A gathering place for readers, writers, and other advocates for a more just world

I consider piracy to be deplorable, and yet I have to wonder why people, especially those with families dependent on them, choose such a dangerous lifestyle. Is it, for some at least, their level of despair over joblessness? I’m not alone in thinking of that possibility. One of the cures listed in the quotation below is ‘building livelihoods ashore.’

“Piracy is like an ancient disease that should be extinct in this modern world,” said Commodore Simon Ancona of the British Navy, who is currently deputy commander of Combined Maritime Forces. “The cure is difficult and requires the disruption of pirate actions, building law and order and livelihoods ashore, and making the merchant prey less vulnerable. Although there are signs of remission, I would judge the medicine will be required for some time to come.” from the August 28  NYTimes online: Piracy around Horn of Africa has plunged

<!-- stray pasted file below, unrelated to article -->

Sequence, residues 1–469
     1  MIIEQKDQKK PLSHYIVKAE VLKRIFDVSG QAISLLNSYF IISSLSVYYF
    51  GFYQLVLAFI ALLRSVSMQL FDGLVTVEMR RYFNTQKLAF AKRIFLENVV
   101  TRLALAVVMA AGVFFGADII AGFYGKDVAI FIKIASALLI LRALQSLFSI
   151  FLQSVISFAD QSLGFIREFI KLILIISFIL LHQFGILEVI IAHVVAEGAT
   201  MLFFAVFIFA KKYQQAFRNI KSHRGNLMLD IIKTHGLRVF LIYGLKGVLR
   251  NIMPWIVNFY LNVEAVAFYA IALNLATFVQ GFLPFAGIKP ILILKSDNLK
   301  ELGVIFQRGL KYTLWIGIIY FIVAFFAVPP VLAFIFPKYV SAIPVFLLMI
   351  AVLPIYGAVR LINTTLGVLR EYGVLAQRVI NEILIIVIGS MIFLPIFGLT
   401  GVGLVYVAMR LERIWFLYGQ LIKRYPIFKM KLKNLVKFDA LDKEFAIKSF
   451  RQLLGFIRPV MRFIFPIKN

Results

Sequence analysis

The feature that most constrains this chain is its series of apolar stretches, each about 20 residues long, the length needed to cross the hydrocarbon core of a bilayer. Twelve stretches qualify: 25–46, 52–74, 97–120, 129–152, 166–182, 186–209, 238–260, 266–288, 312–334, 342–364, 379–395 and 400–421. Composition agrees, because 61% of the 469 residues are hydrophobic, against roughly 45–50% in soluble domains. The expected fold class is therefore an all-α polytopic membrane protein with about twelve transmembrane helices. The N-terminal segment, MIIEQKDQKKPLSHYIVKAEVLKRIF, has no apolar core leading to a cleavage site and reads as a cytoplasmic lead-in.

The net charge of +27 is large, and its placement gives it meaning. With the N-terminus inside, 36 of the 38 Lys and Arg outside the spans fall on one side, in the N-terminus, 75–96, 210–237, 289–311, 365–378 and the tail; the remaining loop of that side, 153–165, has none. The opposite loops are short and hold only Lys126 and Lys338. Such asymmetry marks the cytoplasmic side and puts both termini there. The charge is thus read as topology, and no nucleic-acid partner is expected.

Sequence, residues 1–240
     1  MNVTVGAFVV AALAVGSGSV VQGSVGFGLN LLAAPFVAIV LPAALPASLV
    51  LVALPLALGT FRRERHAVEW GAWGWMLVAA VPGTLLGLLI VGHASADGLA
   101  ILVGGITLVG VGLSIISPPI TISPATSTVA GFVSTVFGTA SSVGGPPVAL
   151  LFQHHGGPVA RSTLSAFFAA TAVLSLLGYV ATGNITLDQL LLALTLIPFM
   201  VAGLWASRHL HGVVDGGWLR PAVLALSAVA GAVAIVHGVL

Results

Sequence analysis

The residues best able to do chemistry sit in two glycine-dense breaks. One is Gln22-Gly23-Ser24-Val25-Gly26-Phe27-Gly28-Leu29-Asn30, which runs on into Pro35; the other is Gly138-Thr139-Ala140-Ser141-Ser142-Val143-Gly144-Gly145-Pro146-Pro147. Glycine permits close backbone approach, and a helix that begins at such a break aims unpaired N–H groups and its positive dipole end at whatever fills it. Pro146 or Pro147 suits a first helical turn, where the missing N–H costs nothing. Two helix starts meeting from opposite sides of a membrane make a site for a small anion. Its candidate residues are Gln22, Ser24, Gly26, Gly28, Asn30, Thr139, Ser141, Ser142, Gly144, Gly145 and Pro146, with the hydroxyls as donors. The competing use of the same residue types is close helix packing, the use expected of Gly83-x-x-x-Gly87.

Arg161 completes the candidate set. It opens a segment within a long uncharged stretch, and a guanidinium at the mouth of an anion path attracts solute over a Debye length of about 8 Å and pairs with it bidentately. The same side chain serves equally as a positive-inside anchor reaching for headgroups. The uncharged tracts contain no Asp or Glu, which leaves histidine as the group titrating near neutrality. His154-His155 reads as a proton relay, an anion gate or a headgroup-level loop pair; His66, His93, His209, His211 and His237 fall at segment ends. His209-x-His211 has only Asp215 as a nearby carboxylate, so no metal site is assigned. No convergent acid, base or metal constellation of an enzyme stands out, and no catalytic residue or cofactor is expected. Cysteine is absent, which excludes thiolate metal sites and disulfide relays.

As I look at the faces and body language of imprisoned pirates caught on film by  Jehad Nga for The New York Times, I see youth, hunger, belligerence, fear. I wonder what I can do in affecting a cure for piracy.

In my novel, Pieces of You, my protagonist asks the same thing after one of their corporate tankers is attacked by pirates.  What they tried worked for three years, and they were proud of helping young Somalis learn skills and pleased with organizing a large network to deter attacks. Then another of their tankers was captured.

What do you think Americans can do to cure this “ancient disease that should be extinct in this modern world?”

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